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Author Topic: Fiction  (Read 26177 times)
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rmdig
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« Reply #90 on: June 27, 2007, 03:29:11 PM »

kitinkaboodle

Works of fiction I've read recently include: The Emigrants by W. G. Sebald; six or seven of the stories collected in Alistair MacLeod's Island; Cormac McCarthy's Blood Meridian; Snow by Orhan Pamuk; Rosemary Edmunds' translation of Anna Karenina; and Hunger by Knut Hamsun.  At present I'm working my way through V. S. Naipaul's A House for Mr. Biswas and the Meditations of Marcus Aurelius because the main character in Naipaul's story reads Aurelius.

I found The Emigrants interesting but terribly somber.  MacLeod's stories are quite beautifully written -- sometimes perhaps too beautifully if that is possible.  I found McCarthy's Blood Meridian, at least once I got used to the cartoonish violence, rather captivating but ultimately he doesn't do much for me.  Not a writer I would recommend.   Snow was odd and meandering and I can't say I would recommend it, either.  Tolstoy and Naipaul are two of my favorite writers and I read them all the time.  I re-read Hamsun's Hunger after seeing a film version made back in the Sixties.  Absolutely fabulous film!
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rmdig
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« Reply #91 on: June 27, 2007, 03:33:15 PM »

lhoffman

I have read The Magic Mountain three times over the past 30 years and agree the effort is worth the travail.  His weird Death in Venice is also terrific (and so wonderfully brief).
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kitinkaboodle
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« Reply #92 on: June 27, 2007, 04:17:41 PM »

Thanks, rmdig --

Yes, not surprised to see your selections and I'm in agreement with you on Snow in particular.  Wish that A. Macleod would have more of his work available -- Sebald is wonderfully complex -- not familiar with Hunger, but will certainly follow up on book and film.

Have you read any of John Banville?  I would venture that his writing would please you.  
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Don't dance on a volcano...
madupont
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« Reply #93 on: June 27, 2007, 06:41:19 PM »

I enjoy Sebald's ruminating perspective as he ponders what is going on and what does everybody else know that he doesn't know.   

Good thing that he lived, wrote, and died in Manchester, however, since the Germans  recently discovered after the publishing of his last book On the Nature of Violence ( or, some such) -- was it, On the Natural Order of Violence? -- that they have a right to gripe about what they suffered.
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Lhoffman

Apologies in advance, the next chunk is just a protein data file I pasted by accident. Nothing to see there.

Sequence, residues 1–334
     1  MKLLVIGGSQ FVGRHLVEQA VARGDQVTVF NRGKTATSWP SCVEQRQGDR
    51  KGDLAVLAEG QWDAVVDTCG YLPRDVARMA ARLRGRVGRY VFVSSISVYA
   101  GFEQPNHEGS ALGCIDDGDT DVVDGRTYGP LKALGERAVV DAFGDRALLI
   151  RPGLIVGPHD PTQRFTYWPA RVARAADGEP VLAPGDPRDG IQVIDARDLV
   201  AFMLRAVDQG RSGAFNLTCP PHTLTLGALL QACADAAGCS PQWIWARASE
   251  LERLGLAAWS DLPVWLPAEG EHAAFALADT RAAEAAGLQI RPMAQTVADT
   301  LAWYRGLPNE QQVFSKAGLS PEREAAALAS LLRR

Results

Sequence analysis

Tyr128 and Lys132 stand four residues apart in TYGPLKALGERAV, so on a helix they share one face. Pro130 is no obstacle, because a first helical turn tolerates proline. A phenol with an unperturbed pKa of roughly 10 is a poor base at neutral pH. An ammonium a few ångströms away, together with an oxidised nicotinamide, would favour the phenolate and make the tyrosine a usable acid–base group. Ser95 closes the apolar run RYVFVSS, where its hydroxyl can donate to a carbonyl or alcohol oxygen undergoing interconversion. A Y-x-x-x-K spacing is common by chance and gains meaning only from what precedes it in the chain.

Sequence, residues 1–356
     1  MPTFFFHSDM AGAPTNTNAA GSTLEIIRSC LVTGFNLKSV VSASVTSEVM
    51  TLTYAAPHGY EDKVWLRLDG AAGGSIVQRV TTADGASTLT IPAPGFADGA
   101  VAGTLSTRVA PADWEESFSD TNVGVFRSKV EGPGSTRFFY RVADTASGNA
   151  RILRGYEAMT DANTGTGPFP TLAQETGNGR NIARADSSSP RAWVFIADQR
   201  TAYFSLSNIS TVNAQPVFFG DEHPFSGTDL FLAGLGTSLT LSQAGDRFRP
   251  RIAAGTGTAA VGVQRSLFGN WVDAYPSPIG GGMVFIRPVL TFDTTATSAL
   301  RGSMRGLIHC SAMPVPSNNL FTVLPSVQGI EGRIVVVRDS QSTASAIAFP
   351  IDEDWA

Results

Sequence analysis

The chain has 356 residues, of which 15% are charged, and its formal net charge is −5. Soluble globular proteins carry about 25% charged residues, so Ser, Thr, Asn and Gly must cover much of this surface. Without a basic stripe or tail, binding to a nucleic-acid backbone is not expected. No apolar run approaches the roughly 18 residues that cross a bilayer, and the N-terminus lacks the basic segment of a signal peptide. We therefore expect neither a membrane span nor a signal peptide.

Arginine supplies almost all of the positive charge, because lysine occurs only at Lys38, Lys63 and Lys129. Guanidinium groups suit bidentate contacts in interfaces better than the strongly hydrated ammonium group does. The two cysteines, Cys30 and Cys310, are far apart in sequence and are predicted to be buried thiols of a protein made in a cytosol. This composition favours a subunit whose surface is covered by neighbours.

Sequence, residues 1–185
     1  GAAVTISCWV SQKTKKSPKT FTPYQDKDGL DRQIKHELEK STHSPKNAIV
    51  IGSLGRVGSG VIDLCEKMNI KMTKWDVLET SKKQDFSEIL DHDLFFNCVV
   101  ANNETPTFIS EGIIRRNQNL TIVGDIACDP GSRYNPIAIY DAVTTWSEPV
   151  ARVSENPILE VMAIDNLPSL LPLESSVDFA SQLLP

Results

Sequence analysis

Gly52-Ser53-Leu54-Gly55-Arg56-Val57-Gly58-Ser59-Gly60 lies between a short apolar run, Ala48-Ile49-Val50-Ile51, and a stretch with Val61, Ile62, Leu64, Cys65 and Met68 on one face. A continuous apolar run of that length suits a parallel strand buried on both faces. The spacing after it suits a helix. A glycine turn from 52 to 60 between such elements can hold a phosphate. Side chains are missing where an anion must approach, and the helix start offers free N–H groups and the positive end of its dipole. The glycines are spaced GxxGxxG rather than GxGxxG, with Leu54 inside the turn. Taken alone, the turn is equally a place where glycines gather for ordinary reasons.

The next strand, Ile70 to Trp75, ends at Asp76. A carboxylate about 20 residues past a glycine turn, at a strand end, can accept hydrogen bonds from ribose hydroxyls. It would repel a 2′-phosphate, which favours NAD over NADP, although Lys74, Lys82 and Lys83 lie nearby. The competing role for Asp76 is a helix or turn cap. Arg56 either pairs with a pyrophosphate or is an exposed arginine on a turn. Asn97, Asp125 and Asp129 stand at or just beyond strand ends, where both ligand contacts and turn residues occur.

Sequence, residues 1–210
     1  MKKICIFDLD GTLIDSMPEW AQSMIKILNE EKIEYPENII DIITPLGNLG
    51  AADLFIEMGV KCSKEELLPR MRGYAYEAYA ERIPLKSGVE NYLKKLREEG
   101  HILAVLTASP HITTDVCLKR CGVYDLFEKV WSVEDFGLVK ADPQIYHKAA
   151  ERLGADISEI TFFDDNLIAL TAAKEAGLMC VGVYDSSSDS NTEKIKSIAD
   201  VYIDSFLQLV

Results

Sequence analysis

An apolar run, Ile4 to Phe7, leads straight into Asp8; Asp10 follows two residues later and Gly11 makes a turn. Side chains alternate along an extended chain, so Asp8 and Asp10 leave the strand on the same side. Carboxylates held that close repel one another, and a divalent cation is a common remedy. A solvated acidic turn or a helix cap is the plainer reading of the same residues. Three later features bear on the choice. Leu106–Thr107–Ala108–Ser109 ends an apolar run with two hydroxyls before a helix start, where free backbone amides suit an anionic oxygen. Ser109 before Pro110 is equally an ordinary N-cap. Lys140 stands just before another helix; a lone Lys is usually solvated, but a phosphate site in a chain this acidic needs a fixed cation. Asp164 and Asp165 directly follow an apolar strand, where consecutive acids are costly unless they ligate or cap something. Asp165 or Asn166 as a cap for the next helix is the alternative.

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« Reply #94 on: June 27, 2007, 07:41:39 PM »

I keep looking at Sebald...never quite get to picking it up though.  Perhaps I should.
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rmdig
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« Reply #95 on: June 27, 2007, 08:15:24 PM »

nytempsperdu

Love your screen name.
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rmdig
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« Reply #96 on: June 27, 2007, 08:20:26 PM »

kitinkaboodle

The Hunger film stars a guy named Per Carlson (I think).  The book is very good.  The film might in all honesty be better than the book.  (I can't believe I'm saying that.)
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rmdig
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« Reply #97 on: June 27, 2007, 08:22:31 PM »

nytempsperdu

By all means put Buddenbrooks and Death in Venice on your reading list.  Great stuff.
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« Reply #98 on: June 28, 2007, 03:25:42 PM »

Nytempsperdu, Sir Dirk Bogarde died May 8, 1999 at age 78.  His real name went on and on--I can't remember all of it.  Google his screen name Dirk Bogarde for every little thing you'd like to know.  His film, "The Servant" is one of the creepiest films in my video library.
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madupont
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« Reply #99 on: June 29, 2007, 05:01:15 AM »

" I suppose I shouldn't admit to recalling them, but at least I saw them on old late night tv in my night owl period, not when they first came out! " nytempsperdu

"Dirk Bogarde for every little thing you'd like to know.  His film, "The Servant" is one of the creepiest films in my video library." donotremove

Oh,yeah,well I stayed up late only when my parents weren't home and I watched him when he first came out.

Sometime I also watched him in the afternoon when I stayed in purposefully to watch what he was up to now
and if you think The Servant was  one of the creepiest, I'll give you Creepy!

It starts out like this.  Quartet is the title of a 1948 film based on stories by W. Somerset Maugham. I am just starting high-school and sometimes if I get to stay home when I don't feel so well, I also get to watch tv although the Golden Age of television is not quite yet arrived. Otherwise there are the Late night theaters of television, similar to the Turner Classic Movies, especially on weekends.

One of the four stories in Quartet was,"The Alien Corn" and Bogarde gets the part. He is not quite thirty years old.